Here’s how the process works: heavy monsoon rains drench Indonesia and the surrounding region from November to March, leaving behind water in cave systems, flooded rice fields, and brackish aquaculture ponds along the coast. The water carries a load of dissolved salts and their mineral ingredients—things like table salt or halite, along with gypsum, sodium sulfate, magnesium sulfate, and calcium chloride.
When the water begins to evaporate, the salt it carried stays behind as crystals, which expand and contract along with changes in temperature and humidity. Some geological salts, like the ones mentioned above, can expand up to three times their original size when heated, and they can put an impressive amount of pressure on the surrounding rock. The result is similar to the freeze-thaw cycles that enable water ice to crack rocks and concrete.
The whole cycle is more active and more pronounced when temperatures rise and the local weather swings from extremely wet to extremely dry every few months. And that’s precisely the conditions Indonesia is experiencing as the climate gets warmer and extreme weather events become more frequent. More and more over the last few decades, severe monsoon flooding is followed by periods of intense drought.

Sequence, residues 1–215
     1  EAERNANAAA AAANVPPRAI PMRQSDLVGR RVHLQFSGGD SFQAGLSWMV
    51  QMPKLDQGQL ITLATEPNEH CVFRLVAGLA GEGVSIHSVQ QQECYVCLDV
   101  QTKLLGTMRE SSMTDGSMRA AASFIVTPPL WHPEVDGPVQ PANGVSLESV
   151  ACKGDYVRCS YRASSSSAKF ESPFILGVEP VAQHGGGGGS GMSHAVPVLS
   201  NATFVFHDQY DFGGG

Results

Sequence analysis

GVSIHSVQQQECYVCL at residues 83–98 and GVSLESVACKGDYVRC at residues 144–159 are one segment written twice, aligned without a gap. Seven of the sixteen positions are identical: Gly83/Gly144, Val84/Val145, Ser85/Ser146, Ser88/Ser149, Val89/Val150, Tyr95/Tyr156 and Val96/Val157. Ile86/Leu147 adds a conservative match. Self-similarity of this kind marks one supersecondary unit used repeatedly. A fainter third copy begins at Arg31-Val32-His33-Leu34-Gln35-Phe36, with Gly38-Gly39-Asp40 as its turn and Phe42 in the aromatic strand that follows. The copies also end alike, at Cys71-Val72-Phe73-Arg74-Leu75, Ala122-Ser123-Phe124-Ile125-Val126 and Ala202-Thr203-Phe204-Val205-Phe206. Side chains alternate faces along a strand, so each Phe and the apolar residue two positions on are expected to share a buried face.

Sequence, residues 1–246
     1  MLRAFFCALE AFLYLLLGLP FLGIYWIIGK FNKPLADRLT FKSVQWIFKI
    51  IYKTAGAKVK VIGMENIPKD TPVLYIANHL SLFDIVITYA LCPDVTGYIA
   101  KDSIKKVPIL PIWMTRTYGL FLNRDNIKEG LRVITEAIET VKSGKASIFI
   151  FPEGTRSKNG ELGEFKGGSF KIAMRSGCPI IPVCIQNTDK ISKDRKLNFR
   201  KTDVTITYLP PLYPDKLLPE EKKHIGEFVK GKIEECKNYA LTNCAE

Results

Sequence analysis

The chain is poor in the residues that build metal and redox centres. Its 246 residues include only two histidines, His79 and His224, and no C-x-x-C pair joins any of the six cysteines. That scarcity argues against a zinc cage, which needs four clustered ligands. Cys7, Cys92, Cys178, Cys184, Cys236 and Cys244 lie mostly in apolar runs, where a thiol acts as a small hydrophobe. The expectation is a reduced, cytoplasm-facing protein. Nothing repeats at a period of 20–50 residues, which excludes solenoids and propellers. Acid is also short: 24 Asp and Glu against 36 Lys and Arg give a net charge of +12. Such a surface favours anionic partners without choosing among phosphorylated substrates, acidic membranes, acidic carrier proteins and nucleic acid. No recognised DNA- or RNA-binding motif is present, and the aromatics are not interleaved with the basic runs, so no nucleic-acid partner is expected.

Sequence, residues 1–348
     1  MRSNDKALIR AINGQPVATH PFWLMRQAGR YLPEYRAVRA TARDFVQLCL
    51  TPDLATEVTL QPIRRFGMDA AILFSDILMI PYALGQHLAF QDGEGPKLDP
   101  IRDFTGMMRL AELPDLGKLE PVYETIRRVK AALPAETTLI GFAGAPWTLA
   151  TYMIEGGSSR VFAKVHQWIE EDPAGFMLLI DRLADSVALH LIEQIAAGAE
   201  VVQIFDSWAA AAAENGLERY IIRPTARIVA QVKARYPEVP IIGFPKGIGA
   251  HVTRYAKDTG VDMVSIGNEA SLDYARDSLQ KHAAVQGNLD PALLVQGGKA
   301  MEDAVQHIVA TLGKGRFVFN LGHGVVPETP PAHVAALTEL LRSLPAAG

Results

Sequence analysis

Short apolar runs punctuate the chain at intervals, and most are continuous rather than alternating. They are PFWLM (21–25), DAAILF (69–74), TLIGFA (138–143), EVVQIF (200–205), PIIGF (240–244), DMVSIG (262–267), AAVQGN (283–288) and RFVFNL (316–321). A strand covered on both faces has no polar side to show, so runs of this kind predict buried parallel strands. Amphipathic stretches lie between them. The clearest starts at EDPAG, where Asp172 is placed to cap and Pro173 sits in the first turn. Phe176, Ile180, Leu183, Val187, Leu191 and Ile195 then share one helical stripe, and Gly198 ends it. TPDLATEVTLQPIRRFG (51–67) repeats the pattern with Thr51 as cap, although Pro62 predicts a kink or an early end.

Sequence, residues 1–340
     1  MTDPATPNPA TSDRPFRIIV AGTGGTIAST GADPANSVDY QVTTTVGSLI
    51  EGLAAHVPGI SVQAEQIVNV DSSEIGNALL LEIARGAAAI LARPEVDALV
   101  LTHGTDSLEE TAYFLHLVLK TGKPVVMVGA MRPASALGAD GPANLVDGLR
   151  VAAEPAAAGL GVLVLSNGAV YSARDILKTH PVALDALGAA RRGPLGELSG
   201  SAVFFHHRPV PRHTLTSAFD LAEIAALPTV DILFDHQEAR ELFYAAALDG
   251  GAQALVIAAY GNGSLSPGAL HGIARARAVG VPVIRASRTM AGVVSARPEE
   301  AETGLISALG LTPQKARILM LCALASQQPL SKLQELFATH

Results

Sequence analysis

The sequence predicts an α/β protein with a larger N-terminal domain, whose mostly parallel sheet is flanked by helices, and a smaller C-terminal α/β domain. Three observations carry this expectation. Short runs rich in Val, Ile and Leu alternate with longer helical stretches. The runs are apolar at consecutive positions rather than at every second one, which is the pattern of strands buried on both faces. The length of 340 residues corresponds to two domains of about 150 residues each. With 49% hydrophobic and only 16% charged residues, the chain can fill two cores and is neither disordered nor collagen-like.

People struggle, rocks crack, and a little more of humanity’s deepest connection to itself fades away.
“We are in a race against time,” said rock-art expert Adhi Agus Oktaviana of Indonesia’s National Research Center for Archaeology (ARKENAS). “Our teams continue to survey the area, finding new artworks every year. Almost without exception, the paintings are exfoliating and in advanced stages of decay.”
To win the race, archaeologists and conservators will have to work at a small scale, monitoring conditions in individual caves and preserving individual paintings. But the large scale, across the whole complex landscape of Indonesia, also matters. We need to understand and mitigate the impacts of climate change, mining, and intensive farming on the ancient karst landscape itself.
“The more we learn about how climate change is impacting cultural heritage, the better we will be able to tackle these issues,” Huntley told Ars.
One key influence lies along the country’s coast in networks of brackish ponds where aquaculture farmers raise about 15 million tons of shrimp and fish every year. Many of those ponds are dual-purpose, providing a home for farmed fish in flooded fields where rice grows. People have farmed rice on Sulawesi for at least 7,000 years, but farming has intensified over the previous few centuries—and drastically so over the last few decades.